I arrived in San Jose to find that the gallery exhibiting Barron Storey’s work opened at 10, which left me time to be restless. 10 came and went and the gallery remained closed, so I lunched at a Thai place, returned to the gallery, and still it was closed. I called them, left a message. I emailed them, said I was right outside their door. I had come all this way, for art’s sake! Around noon they emailed back and said they had opened. By then I’d received a $40 parking ticket while straying along the streets twelve minutes too long, not paying attention.
It was worth the wait, and the ticket, too.
I bet most of you have seen at least one illustration of Storey’s, if you don’t have it on your bookshelf. The particular piece I’m referring to is the paperback cover of Golding’s Lord of the Flies. Here is the back cover art, minus the typography.
Barron is the most incredible draftsman ever. Yes, ever. Here is one of the earliest works I kept of his.
He drew this cover in a Time magazine office based on a witness’ description of Howard Hughes over the phone, the night Hughes died. An amazing portrait considering there were no photos of the reclusive Hughes that were less than 20 years off date.
I walked into the gallery, Anno Domini.
Just as there are some aspects of life we have difficulty facing, so it was with the subject of this exhibition, titled Suicide. I viewed it as a fellow of humanity and as an artist, both perspectives impacting me. As with most art, a reproduction conveys little about the original. Seeing Barron’s art up close and intimately, you see through layers, literally and figuratively, trying to comprehend where it all comes from and how deep it goes. He opens his soul to you; you glimpse his torments. And, if you can look beyond the subject, you are fascinated by his intricacies and you see how they fascinate him.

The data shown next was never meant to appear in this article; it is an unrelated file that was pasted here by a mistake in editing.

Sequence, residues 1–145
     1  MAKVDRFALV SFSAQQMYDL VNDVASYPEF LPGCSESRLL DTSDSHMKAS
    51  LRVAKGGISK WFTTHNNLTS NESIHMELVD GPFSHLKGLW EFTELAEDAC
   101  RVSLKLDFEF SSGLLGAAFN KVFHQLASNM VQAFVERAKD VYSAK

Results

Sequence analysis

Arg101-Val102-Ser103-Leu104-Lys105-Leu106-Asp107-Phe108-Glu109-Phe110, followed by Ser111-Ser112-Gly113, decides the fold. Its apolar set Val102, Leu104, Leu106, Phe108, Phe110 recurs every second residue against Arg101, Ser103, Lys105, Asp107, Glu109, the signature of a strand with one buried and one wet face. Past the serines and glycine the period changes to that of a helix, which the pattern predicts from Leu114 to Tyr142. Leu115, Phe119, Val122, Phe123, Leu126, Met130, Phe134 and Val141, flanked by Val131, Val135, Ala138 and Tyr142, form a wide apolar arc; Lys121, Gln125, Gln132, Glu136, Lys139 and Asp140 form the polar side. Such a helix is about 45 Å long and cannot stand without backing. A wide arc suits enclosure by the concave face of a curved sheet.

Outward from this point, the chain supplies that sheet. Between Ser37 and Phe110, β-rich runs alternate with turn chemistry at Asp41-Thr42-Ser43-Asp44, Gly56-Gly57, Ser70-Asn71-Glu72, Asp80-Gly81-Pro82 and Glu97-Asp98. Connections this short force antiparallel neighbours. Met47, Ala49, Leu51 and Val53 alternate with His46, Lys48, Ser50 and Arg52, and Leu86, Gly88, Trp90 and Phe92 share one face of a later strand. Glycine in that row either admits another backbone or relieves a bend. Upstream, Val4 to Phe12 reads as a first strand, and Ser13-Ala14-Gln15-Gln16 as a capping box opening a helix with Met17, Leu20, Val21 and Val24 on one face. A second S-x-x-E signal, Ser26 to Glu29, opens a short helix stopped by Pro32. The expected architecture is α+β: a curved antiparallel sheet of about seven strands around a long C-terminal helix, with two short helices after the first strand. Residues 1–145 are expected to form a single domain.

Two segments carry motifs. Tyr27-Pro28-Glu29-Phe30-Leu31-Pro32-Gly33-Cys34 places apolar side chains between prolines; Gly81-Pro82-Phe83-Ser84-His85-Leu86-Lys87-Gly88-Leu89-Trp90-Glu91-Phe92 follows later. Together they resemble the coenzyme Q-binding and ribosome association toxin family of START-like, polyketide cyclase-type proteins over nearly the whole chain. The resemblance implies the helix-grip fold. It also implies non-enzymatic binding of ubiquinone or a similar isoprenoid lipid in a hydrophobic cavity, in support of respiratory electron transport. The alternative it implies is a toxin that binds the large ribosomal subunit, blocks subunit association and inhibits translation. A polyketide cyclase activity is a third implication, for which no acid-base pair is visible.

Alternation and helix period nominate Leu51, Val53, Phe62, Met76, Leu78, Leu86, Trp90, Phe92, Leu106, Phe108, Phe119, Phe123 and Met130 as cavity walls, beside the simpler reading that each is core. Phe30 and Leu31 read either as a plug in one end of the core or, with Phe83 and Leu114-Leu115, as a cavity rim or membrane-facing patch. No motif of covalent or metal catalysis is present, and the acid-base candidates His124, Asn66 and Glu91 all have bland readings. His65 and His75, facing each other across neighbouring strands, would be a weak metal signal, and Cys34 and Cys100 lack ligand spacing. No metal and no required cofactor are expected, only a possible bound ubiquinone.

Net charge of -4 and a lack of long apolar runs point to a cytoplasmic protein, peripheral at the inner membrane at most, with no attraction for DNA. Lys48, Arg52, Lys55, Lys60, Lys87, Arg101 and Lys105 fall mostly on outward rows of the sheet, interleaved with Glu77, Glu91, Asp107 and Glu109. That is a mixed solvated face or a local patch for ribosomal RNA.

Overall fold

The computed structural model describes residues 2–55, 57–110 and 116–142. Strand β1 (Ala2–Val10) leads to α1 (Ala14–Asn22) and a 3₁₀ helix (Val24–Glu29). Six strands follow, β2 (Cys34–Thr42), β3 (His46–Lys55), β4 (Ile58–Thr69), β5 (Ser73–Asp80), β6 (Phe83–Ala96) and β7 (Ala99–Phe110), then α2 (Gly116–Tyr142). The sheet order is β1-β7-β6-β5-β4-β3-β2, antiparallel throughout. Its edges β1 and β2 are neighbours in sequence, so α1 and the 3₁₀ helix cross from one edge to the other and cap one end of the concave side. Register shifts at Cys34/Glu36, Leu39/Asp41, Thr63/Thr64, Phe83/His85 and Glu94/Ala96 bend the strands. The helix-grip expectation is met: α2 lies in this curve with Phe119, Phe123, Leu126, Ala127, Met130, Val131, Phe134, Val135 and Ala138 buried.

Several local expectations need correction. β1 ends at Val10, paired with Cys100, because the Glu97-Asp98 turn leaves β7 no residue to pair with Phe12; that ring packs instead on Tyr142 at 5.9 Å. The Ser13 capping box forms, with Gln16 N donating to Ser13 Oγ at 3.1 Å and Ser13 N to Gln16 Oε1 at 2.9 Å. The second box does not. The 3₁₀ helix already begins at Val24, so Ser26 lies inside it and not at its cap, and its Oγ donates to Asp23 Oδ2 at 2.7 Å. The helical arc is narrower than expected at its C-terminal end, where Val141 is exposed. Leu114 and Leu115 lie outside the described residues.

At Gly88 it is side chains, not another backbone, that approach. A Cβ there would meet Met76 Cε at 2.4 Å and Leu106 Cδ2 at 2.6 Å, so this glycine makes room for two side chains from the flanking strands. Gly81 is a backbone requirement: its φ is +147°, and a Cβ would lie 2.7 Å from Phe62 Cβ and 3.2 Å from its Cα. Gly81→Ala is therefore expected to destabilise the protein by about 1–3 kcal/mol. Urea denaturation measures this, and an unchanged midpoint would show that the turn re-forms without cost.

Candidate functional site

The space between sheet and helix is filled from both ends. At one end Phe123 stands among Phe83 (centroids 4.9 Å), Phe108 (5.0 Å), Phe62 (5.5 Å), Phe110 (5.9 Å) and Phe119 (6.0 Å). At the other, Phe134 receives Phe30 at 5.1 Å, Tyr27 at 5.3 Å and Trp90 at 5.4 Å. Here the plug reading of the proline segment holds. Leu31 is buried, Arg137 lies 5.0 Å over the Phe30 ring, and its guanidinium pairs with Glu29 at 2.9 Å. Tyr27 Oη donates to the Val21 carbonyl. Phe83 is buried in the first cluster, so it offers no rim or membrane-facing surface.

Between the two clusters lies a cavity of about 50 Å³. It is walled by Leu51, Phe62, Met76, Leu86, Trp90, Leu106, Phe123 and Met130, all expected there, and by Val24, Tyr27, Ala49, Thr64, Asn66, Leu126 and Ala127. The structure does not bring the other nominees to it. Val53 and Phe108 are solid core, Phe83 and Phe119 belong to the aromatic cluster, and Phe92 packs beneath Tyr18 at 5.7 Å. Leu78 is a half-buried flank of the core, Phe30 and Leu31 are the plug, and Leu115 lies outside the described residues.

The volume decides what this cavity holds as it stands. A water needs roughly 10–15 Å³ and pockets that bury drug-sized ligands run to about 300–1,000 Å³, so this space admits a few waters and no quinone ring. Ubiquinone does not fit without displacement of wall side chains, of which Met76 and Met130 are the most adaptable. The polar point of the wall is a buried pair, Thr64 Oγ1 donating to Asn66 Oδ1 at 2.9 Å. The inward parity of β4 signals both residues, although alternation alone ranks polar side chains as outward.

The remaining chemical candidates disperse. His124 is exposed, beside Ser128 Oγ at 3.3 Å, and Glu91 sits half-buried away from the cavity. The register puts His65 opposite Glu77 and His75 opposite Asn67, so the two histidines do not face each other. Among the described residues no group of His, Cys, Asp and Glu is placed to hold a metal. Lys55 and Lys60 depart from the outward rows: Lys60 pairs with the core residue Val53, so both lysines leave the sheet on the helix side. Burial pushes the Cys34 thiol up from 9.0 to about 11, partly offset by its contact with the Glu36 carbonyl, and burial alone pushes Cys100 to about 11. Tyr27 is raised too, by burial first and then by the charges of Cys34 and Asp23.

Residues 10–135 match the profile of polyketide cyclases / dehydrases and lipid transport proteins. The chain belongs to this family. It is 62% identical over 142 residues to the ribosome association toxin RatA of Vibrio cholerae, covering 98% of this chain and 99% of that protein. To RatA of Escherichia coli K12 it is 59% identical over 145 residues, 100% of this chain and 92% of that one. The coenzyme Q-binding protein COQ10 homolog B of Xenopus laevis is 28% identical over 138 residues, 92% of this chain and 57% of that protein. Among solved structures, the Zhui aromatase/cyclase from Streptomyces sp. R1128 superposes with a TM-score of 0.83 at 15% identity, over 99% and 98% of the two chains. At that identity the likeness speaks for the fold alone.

I learned that this particular subject was his torment of torments. The first piece was one he drew from life. Death, rather: it was of his mother lying in a hospital bed after she swallowed rat poison. Enough rat poison, the doctor told him, to kill an army. Barron was 23.
For this collection of … I will call it work for the purpose of simplicity, though it involved not only sweat, but blood and tears … Barron had already been immersed in the subject for years: besides his mother, his uncle, Barron’s ex-wife, and a close friend took their own lives. There were over 70 works. Artistically, there was so much to learn by studying them I perused the exhibit three times.
Barron divided the art into clusters. Alongside each cluster he wrote in pencil or pen directly on the wall, defining a particular phase or sub-theme of the work. The cluster he numbered 5 reads What Good Am I? Cluster 7 represents work he did involving interviews he’d had with those who knew suicide victims. The cluster of work in 8 conveyed how the project itself affected him. I sensed it was near catastrophic.
"Started asking people: Did you know anyone who committed suicide? So many did. Made drawings about each one. They piled up. Show them? Ugly ... Ugly subject. Ugly feelings. What have I done? OK. The question is: What did they do? And why? Pages and pages of journal drawings ... Lord, let it be over."
To be cont.
for dreams and death chants, part one, click here